the Last Word in
|critical articles, interviews, author profiles, retro lists, genre essays, incisive media reviews|
Alan Moore and Eddie Campbell
Eddie Campbell Comics, 1999 paperback �24.99
review by Patrick Hudson
This fat volume collects Moore and Campbell's exhaustive, and exhausting, study of the Jack the Ripper murders, published in various venues between 1990 and 1999. Moore postulates a royal conspiracy to kill several prostitutes connected with the birth of a child fathered by the Prince of Wales to a shop-girl. This is an old saw, popularised in numerous 'non-fiction' exposés of varying degrees of crankiness, and the film Murder By Decree, which also brought Sherlock Holmes into the picture. Moore works hard to make the theory fit the available facts, and his novel is in many ways a forensic examination of the crimes as thorough as any of the nonfiction.
However, the intent is more than mere criminal history, and Moore ties the murders to Freemasonry, psychogeography and the architecture of London to examine how the murders fit into the history and fabric of the city. This book's closest relations are the works of Ian Sinclair or Peter Ackroyd, rather than Siegle and Schuster or Bob Kane. This is one of the few graphic novels I've read that truly deserves the second part of the classification. And, as a warning to sensitive readers, it deserves the first as well, as the murders are depicted in gruesome detail.
Perhaps Moore's greatest strength as a comics practitioner is in his choice of collaborators. With Eddie Campbell, he has once again found an artist more than up to the challenge of his intense writing style. Campbell captures the darkness and threat of Victorian London, the looming power of a Hawksmoor church and the world of seedy back alleys and pubs that the doomed women inhabit. The art slips easily between the representational and symbolic demands of the story creating a mood of stark surrealism. The characters are individuals but, when necessary, Campbell can drape them in light and shadow to reveal the universal that lies just beneath the particular.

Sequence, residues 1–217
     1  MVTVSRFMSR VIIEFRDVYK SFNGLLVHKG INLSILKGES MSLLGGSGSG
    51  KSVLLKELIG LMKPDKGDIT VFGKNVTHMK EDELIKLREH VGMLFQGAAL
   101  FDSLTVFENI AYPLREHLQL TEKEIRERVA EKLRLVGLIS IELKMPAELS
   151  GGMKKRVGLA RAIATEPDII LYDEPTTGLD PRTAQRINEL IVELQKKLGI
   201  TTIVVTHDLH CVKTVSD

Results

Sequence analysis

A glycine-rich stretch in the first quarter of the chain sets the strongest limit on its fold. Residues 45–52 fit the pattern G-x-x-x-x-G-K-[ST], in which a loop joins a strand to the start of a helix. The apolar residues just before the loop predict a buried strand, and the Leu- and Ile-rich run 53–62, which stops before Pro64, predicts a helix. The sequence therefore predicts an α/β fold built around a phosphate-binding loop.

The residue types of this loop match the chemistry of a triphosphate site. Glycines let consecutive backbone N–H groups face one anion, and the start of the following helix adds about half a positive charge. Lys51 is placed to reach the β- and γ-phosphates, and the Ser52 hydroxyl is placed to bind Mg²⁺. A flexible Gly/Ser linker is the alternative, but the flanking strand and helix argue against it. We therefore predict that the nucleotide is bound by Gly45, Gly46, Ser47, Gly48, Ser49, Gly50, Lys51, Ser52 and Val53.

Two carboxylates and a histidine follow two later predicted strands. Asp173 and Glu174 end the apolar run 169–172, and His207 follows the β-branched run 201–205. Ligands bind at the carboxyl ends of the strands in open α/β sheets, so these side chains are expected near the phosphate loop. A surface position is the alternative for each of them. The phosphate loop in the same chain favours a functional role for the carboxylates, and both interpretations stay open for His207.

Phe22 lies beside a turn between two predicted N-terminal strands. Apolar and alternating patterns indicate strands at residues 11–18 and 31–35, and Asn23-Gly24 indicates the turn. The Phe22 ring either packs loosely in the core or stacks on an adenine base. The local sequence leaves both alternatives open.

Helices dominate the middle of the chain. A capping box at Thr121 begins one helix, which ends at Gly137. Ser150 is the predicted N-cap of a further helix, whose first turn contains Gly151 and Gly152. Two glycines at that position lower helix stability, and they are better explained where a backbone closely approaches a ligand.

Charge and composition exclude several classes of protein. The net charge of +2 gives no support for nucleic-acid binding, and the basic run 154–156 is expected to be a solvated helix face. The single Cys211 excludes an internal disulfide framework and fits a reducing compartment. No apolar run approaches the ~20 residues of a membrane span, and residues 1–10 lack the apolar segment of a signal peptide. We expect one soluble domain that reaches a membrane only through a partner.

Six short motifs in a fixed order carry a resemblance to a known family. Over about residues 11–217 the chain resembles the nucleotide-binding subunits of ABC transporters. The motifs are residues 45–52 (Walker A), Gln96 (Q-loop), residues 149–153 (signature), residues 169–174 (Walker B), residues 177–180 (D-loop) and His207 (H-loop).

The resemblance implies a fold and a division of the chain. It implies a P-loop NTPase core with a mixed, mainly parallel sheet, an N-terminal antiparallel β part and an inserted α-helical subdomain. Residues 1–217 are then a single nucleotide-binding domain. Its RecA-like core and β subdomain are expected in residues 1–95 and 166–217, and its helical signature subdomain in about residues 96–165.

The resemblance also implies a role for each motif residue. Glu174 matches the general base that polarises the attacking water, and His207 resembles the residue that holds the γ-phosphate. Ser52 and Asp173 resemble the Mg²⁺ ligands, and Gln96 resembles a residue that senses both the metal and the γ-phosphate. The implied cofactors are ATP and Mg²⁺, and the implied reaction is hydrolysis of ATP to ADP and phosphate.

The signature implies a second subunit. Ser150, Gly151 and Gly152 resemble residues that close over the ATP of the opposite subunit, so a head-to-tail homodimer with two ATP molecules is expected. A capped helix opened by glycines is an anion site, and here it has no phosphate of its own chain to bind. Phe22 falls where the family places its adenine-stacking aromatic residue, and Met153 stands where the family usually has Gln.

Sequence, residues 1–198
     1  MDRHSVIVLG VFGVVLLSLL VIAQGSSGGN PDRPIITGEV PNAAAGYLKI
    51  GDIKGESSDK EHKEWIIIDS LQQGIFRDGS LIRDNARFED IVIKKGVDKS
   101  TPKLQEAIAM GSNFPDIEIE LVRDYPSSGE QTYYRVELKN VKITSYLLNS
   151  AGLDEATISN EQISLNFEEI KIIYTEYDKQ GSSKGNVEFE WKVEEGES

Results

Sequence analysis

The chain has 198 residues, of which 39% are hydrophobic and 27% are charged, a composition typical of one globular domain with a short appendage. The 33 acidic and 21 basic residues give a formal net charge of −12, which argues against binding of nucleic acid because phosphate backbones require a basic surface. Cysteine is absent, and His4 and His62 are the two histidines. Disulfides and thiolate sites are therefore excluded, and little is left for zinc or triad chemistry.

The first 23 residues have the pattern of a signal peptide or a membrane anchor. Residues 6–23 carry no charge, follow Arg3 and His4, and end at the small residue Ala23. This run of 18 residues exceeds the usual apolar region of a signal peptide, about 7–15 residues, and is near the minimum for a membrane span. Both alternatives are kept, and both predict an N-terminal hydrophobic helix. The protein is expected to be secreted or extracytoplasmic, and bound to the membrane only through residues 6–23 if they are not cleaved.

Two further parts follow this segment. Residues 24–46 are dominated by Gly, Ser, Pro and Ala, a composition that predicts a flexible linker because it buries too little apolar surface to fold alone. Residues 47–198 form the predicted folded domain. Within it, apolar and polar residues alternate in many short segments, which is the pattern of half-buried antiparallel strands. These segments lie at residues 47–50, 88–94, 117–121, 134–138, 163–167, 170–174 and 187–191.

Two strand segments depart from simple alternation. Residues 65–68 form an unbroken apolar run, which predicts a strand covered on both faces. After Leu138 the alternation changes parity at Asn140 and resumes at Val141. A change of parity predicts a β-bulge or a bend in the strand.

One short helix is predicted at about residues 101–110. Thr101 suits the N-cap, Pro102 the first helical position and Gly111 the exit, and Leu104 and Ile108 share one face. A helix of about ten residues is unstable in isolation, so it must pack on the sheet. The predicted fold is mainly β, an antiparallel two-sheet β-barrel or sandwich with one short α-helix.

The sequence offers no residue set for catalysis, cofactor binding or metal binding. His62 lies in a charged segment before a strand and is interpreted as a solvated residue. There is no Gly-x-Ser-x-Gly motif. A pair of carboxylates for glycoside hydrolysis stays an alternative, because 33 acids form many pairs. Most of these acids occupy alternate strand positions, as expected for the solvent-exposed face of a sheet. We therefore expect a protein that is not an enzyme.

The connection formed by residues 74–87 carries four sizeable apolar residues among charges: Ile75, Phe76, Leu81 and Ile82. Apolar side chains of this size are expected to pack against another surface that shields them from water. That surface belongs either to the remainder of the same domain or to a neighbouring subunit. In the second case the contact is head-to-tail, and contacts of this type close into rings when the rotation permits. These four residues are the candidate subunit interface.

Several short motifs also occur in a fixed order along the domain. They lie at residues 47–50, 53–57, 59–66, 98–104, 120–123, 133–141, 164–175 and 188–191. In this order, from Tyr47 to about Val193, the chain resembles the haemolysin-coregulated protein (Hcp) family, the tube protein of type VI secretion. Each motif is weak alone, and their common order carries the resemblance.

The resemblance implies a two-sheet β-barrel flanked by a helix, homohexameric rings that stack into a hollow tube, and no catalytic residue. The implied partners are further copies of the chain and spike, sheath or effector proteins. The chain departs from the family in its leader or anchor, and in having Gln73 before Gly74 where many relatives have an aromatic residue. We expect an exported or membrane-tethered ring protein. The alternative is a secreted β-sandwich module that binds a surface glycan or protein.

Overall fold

From Hell is backed up by extensive notes detailing Moore's research, points where he has had to conjecture to fill in the gaps, or tweak the facts to suit the story. On the whole, he appears to have recreated the weeks leading up to the crimes in exacting detail by studying all the available sources, of which there are many. Here we get a glimpse of Moore as deeply immured in the minutiae of the case as the cast of his novel. These notes are more than just an illuminating afterthought; they are an intellectual journal of research and discovery intrinsic to the work at hand. Moore details coincidences and chance meetings along the way of his research that indicate something of the deeper structure that Moore's senses in the killings.
This dark, unsettling work is a sober meditation on mysticism, politics and our morbid fascination with the Whitechapel murders, and Moore does not shy away from including the author and the reader in this circle of complicity. From Hell is mature and serious work from two artists at the peak of their creative ability.
tZ From Hell - review of the film
Buy books at:
|home articles profiles interviews essays books movies competitions guidelines issues links archives contributors email|